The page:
Dr Janet Fisher, University of Edinburgh: Developing a Toolkit for Mapping and Deliberating Values for Uplands Management (MADEVU).
Dr Fisher said:
“I’m delighted to have been awarded this landscape decisions fellowship as it will enable me to pioneer new understanding and ways of working with stakeholders towards the potential amelioration of upland conflicts’. ‘I’m really excited about the interdisciplinary basis of the landscape decisions programme. With multiple new and escalating physical, social and policy drivers of change in the UK landscape, it is an important chance to improve the governance of land.’
Dr Adam Calo, The James Hutton Institute: The role of property, ownership and land tenure on landscape decision making: The case of Scotland’s ‘low carbon farming’ policies.
Dr Calo said:
“I’m delighted to join Landscape Decisions Programme as a Fellow. The concerted effort to join up the social and biophysical sciences along with the arts and humanities demonstrates the type of consortium required to meet grand environmental challenges at a systems level. I look forward to stimulating thinking on how norms of property, land tenure and land access restrain or enable the ability for land managers to take on climate positive decisions in the agricultural sector, and I hope to make a timely contribution though the Landscape Decisions Programme.”
Dr Christopher Lee, University of Exeter: Co-desIgning Robust natural Capital LandscapEs (CIRCLE).
Dr Lee said:
“I’m delighted to have been awarded a Landscape Decisions Fellowship, and I’m excited to begin translating the expertise of the Landscape Decisions Programme into the policy design process, and ultimately environmental benefits to society. Working at the heart of government policy development will give me, and colleagues in the Landscape Decisions Programme, the opportunity to better support decision makers, and to improve the use of our work in the policy design process in future.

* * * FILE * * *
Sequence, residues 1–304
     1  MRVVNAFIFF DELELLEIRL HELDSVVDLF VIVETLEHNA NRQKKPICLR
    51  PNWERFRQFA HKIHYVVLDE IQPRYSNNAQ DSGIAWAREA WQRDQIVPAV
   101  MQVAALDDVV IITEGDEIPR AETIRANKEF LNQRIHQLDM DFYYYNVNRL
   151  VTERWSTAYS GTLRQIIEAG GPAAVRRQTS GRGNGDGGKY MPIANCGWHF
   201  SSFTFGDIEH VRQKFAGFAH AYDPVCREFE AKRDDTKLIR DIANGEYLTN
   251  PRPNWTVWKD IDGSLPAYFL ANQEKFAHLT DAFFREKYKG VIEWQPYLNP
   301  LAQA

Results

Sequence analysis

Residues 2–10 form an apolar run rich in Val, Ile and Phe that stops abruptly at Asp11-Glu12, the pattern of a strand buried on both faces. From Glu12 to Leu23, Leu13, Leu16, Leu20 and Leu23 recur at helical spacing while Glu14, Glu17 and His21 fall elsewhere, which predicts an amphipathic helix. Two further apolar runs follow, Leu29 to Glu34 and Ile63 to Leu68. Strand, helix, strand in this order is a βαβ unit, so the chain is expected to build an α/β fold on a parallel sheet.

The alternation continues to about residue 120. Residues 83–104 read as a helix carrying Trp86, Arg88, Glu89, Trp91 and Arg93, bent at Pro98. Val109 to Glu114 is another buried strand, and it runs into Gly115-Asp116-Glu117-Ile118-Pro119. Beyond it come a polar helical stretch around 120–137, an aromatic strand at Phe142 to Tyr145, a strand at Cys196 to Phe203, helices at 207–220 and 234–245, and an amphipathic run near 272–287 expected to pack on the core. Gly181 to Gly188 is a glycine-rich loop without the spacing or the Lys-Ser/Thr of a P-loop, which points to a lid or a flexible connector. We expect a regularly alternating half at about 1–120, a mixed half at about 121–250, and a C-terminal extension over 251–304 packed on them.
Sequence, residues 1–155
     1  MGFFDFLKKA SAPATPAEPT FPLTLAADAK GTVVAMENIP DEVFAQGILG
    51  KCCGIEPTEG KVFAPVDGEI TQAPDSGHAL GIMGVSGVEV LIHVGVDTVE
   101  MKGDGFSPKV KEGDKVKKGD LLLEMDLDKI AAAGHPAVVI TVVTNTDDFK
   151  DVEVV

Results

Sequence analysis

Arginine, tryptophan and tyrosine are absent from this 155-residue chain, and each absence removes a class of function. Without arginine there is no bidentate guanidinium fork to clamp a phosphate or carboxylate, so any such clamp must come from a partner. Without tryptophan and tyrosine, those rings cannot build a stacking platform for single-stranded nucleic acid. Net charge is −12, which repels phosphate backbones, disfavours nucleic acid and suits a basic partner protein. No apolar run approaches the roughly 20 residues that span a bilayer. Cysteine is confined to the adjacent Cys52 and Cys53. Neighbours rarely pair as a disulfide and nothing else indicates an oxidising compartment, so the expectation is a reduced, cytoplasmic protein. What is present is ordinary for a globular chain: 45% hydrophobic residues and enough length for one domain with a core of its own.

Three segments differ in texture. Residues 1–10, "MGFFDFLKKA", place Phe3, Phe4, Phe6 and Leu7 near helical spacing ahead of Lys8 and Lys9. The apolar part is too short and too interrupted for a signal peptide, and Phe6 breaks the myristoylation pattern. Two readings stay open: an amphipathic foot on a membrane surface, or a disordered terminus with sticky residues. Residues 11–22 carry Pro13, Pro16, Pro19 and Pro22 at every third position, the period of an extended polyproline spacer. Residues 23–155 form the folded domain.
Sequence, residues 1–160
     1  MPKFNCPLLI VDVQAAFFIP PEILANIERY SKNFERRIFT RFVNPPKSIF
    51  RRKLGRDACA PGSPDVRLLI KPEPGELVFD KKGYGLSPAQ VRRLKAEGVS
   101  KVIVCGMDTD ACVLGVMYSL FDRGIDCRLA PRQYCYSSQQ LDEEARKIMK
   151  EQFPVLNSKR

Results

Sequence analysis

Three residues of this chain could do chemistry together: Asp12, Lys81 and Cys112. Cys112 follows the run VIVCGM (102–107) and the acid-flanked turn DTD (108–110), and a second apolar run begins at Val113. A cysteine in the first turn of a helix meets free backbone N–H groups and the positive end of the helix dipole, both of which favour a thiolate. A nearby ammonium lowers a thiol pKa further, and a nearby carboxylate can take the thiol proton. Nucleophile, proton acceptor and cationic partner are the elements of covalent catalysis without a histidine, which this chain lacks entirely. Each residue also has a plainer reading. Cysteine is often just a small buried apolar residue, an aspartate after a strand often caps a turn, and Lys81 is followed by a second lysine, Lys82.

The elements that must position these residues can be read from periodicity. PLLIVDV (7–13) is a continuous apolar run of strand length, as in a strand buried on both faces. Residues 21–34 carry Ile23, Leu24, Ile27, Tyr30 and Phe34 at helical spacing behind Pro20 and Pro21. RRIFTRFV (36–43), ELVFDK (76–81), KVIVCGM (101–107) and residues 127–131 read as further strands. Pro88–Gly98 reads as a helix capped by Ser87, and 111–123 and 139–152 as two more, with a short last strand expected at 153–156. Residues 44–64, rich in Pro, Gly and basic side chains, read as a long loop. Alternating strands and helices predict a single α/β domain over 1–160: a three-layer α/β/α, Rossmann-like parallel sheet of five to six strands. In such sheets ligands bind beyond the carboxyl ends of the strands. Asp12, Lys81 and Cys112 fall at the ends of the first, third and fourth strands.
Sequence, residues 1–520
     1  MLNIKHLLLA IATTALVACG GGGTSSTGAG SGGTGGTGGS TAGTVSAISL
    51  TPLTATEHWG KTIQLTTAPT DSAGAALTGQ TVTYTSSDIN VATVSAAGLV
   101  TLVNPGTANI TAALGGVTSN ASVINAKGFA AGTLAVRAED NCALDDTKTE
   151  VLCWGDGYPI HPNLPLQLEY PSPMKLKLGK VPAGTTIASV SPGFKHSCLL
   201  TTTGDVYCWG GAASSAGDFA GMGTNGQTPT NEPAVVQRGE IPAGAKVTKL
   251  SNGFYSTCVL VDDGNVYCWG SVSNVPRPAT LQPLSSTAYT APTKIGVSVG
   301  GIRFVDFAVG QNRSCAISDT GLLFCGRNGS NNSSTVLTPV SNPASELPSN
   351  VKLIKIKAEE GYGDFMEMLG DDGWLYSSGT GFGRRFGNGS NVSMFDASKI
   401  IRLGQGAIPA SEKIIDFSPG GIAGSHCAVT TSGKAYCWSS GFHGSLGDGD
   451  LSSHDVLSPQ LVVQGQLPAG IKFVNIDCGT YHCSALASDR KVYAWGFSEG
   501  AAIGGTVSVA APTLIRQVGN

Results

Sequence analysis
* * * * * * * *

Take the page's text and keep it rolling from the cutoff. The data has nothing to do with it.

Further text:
Dr Jonathan Walker, Swansea University: Supporting the development of peatland policy, strategy and practice, and its delivery, in Wales (Welsh Peatlands Evidence).
Dr Walker said:
“I’m thrilled about my Landscape Decisions Fellowship! The Landscape Decisions programme is so relevant and timely given these times of significant change our landscapes are in – changes in priority outcomes, management methods and financing. It’s so important that at this juncture, the decisions we take for our landscapes and us are informed by up to date, robust evidence. “
Dr Leo Peskett, University of Edinburgh: Bridging the national and local in landscape decision making: building effective regional partnerships that deliver on climate policy objectives.
Dr Peskett said:
“The Fellowship is a really exciting opportunity for me to work directly with the end users of landscapes decisions research, finding ways to creatively and effectively incorporate research into the establishment of pioneering new landscape decisions institutions. Landscape planning and management is crying out for frameworks that can help make sense of the hugely complex area of landscape decision making. The Landscape Decisions Programme, with its breadth, depth and cross-disciplinary approach, can make a hugely valuable contribution in this area and help to deliver more sustainable landscapes”
Dr David Baker, University of Exeter: Co-production of a software tool for field-scale species distribution modelling (fs-SDM) and mapping using local biodiversity records.
Dr Baker said:
“The Landscape Decisions Programme has the potential to transform the way in which multifunctional landscapes are managed for both people and nature. Support for this type of applied research is not widely available and consequently the award of this fellowship within the Landscape Decisions Programme is exciting for all involved. The complex problems of designing and managing multi-functional landscape necessitates working within multi-disciplinary teams and I am looking forward to working within the Landscape Decisions community to develop novel insights into my own work and to foster future cross-disciplinary collaborations“.
Dr Emma Gardner, UK Centre for Ecology and Hydrology: How many trees should we plant and where? Modelling the landscape-level benefits and biodiversity consequences of woodland creation.
Dr Gardner said:
“The Landscape Decisions Programme has created such a fantastic multidisciplinary community, where everyone’s knowledge and experience is welcomed and valued. As an Early Career Researcher, being part of this culture of state-of-the-art knowledge exchange is both invaluable and inspiring. This Fellowship has given me a unique opportunity: it allows me to work alongside stakeholders and use my multidisciplinary background to really understand the complexities of a topic that is not only highly policy relevant, but can also have big potential consequences for us all.”